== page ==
Title: How Can Undergraduate Programs Contribute to Student Success in Preparing for Graduate and Professional Entrance Exams?



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Summer 2009 Learning Circle –Status Report (August 2009)

Title: How Can Undergraduate Programs Contribute to Student Success in Preparing for Graduate and Professional Entrance Exams?

Format: Group Exploration

Facilitator: Theresa Westbay (Biology)

Participants: Ed Freeman (Biology), Maryann Herman (Biology), Eileen Lynd-Balta (Biology), Virginia Maier (Health Professions Advising, Biology), Eileen Merges (Psychology), Laura Phelan (Psychology), Dawn Rager (Psychology), Zach Shirkey (Political Science)
Original Proposal

Preparing students to be successful in graduate and professional schools are among the goals of Fisher’s undergraduate academic programs. The application process for graduate and professional schools generally involves completion of an entrance exam (e.g., Medical College Admission Test [MCAT], Graduate Record Exam [GRE]). In the Biology and Psychology Departments, we have noted that the performance of many of our students on these entrance exams falls short of expectations arising from students’ undergraduate academic records. We are therefore interested in investigating why this is the case and in exploring ways in which our undergraduate programs can facilitate student preparation for these exams. We intend to



  • Define the characteristics of ideal preparation versus the actual preparation conducted by our students;

  • Identify skills and content knowledge required for/assessed by the exams and determine where/how these are addressed in the Biology and/or Psychology programs;

  • Investigate other factors, such as test anxiety, which potentially impact student performance on exams.

  • Consider programmatic modifications (e.g., related to advising, curriculum) informed by the above.


Description of Activities

Our approach involved working in subgroups (Psychology, Biology, Political Science) to address discipline-specific concerns associated with the professional/graduate exams relevant to our particular student populations. The broader learning circle met periodically to share information and discuss topics of common interest. Subgroups then reconnected with departments to apply what was learned to various programmatic initiatives that will be ongoing throughout the 2009/2010 academic year and beyond. The nature of our work is summarized below.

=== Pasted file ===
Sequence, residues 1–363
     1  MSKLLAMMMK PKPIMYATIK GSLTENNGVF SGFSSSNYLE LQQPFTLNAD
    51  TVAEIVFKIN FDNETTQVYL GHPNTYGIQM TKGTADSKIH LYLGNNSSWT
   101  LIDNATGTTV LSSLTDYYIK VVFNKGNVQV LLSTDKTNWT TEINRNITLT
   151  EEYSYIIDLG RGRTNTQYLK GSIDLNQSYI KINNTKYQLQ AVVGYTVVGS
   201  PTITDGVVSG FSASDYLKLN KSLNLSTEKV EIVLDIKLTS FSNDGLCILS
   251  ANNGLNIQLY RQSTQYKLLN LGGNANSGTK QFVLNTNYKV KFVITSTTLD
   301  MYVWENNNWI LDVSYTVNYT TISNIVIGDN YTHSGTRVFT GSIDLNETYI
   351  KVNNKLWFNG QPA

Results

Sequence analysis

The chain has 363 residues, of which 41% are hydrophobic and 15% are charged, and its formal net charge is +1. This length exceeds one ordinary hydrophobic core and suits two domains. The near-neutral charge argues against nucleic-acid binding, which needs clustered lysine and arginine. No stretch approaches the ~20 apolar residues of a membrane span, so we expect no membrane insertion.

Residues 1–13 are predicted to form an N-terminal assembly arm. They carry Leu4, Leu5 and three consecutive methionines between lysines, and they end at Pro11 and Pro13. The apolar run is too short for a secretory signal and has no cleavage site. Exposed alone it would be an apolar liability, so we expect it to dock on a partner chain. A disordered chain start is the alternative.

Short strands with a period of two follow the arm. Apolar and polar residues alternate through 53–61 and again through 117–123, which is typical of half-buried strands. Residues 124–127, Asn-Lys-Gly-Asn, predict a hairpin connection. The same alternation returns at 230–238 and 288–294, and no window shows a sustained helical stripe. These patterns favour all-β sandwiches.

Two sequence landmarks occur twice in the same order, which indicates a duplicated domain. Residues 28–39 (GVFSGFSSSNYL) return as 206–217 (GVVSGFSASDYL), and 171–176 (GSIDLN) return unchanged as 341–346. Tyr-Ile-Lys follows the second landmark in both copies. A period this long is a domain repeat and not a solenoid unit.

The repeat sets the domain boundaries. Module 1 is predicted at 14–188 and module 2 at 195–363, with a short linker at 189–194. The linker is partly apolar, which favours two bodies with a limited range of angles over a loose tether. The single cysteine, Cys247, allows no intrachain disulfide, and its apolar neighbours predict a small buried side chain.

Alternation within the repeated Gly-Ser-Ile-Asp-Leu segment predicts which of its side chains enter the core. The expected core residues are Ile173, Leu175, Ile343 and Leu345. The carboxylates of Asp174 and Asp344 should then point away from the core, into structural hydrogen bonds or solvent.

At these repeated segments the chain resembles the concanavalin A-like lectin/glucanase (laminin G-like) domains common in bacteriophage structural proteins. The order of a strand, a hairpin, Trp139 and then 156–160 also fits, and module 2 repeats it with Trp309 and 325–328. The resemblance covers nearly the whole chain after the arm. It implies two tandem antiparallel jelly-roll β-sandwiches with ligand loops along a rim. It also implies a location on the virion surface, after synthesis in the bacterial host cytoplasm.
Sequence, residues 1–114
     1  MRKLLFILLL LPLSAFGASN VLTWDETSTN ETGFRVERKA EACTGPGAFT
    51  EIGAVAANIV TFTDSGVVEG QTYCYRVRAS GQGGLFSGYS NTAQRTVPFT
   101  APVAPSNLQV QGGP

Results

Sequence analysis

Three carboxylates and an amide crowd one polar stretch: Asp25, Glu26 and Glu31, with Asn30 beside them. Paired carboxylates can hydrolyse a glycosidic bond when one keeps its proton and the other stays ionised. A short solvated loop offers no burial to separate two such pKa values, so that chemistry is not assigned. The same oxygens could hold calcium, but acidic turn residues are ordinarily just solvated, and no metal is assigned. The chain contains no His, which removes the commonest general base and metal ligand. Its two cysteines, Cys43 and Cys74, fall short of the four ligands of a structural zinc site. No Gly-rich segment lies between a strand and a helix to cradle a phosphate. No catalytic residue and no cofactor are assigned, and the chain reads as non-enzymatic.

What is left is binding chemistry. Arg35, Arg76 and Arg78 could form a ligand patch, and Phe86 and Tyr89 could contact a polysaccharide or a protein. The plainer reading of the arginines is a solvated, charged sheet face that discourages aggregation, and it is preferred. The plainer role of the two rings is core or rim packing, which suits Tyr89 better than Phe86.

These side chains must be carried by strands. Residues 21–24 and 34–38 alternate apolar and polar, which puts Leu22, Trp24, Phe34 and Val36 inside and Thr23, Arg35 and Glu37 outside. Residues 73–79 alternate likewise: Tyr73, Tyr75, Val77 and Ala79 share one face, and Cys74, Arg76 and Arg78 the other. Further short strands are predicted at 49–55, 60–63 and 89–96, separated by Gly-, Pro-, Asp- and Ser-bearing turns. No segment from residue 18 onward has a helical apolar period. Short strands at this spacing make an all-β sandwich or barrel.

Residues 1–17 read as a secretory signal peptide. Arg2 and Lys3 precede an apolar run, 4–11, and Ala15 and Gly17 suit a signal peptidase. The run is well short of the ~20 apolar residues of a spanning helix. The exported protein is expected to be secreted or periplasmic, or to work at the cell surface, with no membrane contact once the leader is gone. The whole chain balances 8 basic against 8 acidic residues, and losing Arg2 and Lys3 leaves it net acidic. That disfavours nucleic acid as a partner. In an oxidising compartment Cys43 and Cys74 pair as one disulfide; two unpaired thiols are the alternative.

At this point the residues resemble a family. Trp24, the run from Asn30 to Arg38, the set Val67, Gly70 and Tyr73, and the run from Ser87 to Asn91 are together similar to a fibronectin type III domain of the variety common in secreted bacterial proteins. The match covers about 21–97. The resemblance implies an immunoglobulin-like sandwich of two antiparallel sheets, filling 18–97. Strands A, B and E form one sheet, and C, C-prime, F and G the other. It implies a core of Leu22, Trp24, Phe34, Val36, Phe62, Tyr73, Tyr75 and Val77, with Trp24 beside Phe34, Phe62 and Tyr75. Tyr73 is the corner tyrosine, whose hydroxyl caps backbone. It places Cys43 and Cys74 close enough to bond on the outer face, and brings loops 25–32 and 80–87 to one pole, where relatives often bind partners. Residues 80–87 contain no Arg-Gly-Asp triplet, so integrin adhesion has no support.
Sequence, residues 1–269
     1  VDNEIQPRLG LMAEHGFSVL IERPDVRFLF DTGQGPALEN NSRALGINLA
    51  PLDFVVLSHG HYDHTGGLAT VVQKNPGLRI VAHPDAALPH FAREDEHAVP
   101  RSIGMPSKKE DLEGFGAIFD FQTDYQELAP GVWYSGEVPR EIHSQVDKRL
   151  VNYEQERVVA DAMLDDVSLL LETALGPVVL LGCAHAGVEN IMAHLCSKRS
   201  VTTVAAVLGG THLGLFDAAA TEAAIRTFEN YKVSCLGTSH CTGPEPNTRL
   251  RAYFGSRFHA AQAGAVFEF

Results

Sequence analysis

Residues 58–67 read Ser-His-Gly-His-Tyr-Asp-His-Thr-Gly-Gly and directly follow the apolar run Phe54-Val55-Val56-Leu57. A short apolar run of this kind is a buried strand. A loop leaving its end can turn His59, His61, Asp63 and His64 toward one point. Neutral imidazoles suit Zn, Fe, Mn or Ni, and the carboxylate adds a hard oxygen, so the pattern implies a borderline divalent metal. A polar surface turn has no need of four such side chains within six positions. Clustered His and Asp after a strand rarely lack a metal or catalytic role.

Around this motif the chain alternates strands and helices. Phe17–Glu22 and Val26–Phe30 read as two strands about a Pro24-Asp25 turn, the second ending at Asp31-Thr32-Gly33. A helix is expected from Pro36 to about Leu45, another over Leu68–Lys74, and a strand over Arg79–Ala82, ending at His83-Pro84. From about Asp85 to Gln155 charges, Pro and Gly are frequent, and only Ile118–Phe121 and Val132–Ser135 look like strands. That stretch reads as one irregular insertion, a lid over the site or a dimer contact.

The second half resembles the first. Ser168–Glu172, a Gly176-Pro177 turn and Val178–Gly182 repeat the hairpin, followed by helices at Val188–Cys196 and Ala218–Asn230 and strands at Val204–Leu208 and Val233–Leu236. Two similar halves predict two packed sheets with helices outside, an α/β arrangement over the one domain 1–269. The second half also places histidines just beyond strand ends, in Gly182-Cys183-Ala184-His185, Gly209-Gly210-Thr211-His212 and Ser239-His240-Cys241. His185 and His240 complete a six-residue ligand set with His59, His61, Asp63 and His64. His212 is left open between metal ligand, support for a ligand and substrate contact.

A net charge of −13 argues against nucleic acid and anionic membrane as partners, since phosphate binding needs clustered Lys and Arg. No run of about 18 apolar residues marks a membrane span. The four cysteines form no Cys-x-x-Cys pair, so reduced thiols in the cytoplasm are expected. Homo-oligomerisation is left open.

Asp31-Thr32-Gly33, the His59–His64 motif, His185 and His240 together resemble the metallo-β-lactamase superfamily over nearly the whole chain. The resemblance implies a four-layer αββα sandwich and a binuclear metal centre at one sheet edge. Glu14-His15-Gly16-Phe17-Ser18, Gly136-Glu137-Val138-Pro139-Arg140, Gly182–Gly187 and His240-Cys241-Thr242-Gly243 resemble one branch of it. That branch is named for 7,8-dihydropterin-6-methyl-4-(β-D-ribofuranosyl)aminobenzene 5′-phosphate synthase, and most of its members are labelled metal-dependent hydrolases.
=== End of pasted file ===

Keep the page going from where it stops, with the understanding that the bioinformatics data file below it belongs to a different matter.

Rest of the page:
1. Investigated exam formats, question formats, content coverage, when exams should be taken, etc., for MCAT (Medical College Admission Test), PCAT (Pharmacy College Admission Test), OAT (Optometry Admission Test), DAT (Dental Admission Test), NCLEX (National Council Licensure Exam), LSAT (Law School Admission Test), GRE (Graduate Record Exam, psychology subject test).
2. Investigated recommended preparation for each exam, nature and value of test prep resources (review books, on-line tools, test prep classes), and actual preparation on the part of Fisher students.
3. Developed and administered surveys (Psychology and Biology) to May 2009 grads to gather information about student preparation for specific professional/graduate school exams. Students were asked about how they prepared for exams, the amount of time they spent preparing (total hours as well as how many months prior to the exam), whether they felt their coursework adequately prepared them for the exam, and their actual performance on exams.
4. Investigated actual student performance on exams. Sources include self-reporting by students (e.g., on the surveys mentioned above, via graduate/professional school advisors) and reports generated by the testing agencies. MCAT scores for Fisher students are available to the Health Professions Advisor (Ginny Maier) who maintains in-house records and tracks student performance . As a result of the activities of our learning circle, GRE scores for all Fisher students who took the GRE (general portion) since 2004 have been acquired by the College. Interested parties can access these reports through Liz Lachance in the Office of Institutional Research.
5. After determining the content addressed by the exams (the Biology subgroup looked at the MCAT, OAT, DAT, PCAT, NCLEX; the Psychology subgroup looked at the psychology subject test of the GRE; the Political Science subgroup looked at the LSAT), subgroups mapped coverage of this content within the curriculum of their respective departments. The subgroups will report their findings to their departments to inform ongoing curricular/program development work.
6. The Biology subgroup is developing assessment tools (a standardized set of quantitative and qualitative questions) that will be administered in biology core courses to evaluate student mastery of content relevant to Biology program learning goals as well as the MCAT and other professional school exams. In addition to providing a means for doing some programmatic assessment of student learning, these assessment tools will expose students to the question formats they’ll encounter on professional school exams.
7. All of the subgroups are considering how the information acquired through this learning circle can improve academic and professional school/graduate school/career advising within their programs. Reports will be made to the relevant departments/programs.


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